1. Where are you from / Who are you?
I am located in the south-east of France. I am almost 50 and I started using WordPress for a personnal blog in 2006. I released my first plugin, Polylang, in 2011. As the popularity of the plugin was growing, it became impossible to further develop and support it on my free time. Thus, I founded my own company and I am now fully dedicated to the development of WordPress plugins.
2. Why did you create a WordPress plugin?
Since I got my first computer, I like to play with code. So when I started using WordPress, I naturally tried to code my own theme, even if I was a total beginner in PHP and Web development. I then I did the same for the few extra features that I needed. Finally, the website doesn’t use any plugin that I did not developped myself, even if part of the code is greatly inspired by existing plugins. Years later, I decided to add a second language to the blog and I started coding Polylang. The result looked not too bad, so I decided to release it to the public. It was the first time that I shared a personnal project, and it’s how I entered the spiral.
3. Before Polylang, I think WPML already existed (I am not sure, just a feeling). Why did you make a new plugin?
You are right. When I started Polylang in 2011, WPML already existed and was still available in the WordPress directory, though with a warning that the plugin had become commercial. I also looked at two other plugins, which have been abandonned since, qTranslate and Xili Language. WPML looked too heavy for a personnal blog on a shared hosting and Xili language looked a bit complex. I liked the simple way of qTranslate but, don’t ask me why, I looked at how data were stored and I disliked that all languages were mixed in the same post. It’s a bit technical but I feared that it would be difficult to migrate to another plugin if required. I was in a sabbatical year, I had plenty of time, thus I attempted to start coding my own plugin.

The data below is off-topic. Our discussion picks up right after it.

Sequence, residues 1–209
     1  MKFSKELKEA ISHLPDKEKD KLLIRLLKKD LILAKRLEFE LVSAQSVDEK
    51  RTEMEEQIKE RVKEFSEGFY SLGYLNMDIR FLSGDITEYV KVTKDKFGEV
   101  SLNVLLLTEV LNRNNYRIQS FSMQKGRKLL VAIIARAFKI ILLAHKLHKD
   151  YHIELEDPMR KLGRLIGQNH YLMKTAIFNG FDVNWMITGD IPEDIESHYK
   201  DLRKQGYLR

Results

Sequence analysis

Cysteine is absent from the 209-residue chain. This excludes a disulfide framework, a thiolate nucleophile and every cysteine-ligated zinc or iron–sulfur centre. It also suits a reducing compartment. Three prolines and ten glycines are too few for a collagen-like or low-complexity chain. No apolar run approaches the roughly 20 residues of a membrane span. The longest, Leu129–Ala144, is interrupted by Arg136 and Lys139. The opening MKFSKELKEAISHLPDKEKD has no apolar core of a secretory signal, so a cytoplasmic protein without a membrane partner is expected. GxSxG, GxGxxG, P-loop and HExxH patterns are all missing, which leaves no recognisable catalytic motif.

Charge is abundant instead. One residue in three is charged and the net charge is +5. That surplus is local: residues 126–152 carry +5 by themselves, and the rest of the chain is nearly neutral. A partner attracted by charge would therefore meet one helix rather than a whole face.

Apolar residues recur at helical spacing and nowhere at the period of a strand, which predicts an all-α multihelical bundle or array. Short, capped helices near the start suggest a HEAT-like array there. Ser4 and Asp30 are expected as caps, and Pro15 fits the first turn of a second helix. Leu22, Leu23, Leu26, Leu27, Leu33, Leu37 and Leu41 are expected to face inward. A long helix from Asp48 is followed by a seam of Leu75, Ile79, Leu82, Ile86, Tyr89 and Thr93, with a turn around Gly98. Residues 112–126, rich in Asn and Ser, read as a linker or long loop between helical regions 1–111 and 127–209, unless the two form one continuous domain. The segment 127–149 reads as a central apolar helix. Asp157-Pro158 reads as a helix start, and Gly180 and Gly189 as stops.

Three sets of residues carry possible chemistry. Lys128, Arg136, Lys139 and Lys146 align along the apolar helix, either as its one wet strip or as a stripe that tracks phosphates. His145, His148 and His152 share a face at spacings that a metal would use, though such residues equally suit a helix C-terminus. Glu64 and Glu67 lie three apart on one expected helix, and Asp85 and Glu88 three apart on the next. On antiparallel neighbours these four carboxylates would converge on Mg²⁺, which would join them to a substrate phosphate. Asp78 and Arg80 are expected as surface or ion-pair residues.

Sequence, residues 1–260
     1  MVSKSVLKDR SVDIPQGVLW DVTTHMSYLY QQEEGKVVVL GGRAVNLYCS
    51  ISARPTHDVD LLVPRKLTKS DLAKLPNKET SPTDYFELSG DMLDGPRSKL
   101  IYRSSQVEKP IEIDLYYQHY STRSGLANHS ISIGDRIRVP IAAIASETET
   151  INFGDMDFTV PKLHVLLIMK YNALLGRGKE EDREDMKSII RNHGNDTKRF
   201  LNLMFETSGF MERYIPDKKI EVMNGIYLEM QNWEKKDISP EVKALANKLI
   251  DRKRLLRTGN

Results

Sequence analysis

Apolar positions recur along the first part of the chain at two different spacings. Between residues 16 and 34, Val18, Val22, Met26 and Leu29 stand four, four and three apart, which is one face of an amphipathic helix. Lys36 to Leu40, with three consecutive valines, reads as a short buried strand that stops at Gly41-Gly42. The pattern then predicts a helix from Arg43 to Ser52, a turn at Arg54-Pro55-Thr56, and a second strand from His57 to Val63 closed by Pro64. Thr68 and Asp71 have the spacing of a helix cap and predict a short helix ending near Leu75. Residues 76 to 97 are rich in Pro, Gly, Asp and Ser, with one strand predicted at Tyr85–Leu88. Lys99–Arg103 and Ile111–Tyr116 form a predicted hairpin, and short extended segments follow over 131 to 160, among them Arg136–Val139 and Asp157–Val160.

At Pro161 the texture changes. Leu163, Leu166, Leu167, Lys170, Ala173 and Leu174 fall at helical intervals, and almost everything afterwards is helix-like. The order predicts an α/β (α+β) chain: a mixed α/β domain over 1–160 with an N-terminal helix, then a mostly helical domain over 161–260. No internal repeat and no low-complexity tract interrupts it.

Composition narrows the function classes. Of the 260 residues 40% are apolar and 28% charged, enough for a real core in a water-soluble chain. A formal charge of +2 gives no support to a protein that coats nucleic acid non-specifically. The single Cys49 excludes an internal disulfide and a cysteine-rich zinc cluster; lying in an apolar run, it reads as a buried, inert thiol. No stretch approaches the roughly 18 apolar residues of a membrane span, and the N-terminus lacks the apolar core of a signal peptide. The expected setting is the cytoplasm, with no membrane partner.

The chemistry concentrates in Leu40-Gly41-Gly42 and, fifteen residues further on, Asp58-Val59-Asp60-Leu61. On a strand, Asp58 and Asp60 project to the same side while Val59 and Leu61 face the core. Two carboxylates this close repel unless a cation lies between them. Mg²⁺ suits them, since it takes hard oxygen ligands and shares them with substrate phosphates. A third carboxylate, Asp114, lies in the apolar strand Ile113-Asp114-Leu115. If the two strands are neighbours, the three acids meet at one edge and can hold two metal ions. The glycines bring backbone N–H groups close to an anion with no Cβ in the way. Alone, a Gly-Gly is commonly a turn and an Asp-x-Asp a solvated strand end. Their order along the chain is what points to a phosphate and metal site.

4. What are the differences between Polylang and WPML? (not necessarily about the features, it can be something less technical)
Polylang is often seen as an alternative to WPML, but the two plugins differ in several aspects. You’ll find more features in WPML while we offer less in Polylang with the objective to offer a lighter product, easier to use. Thus WPML is also offering much more options than Polylang. I adhere so much to the philosophy “Decisions, not options” that our extension “Polylang for WooCommerce” comes with no option at all. Also the interface is very different. To translate your content, WPML often proposes separate panels. This reminds translation sofwares with the original content on one side and the translation on the other side. On the contrary, in Polylang, you generally write the content in all languages directly in the WordPress or plugin interface. This is less a translation tool and more a multilingual CMS.
5. How do you see the future for WordPress in general?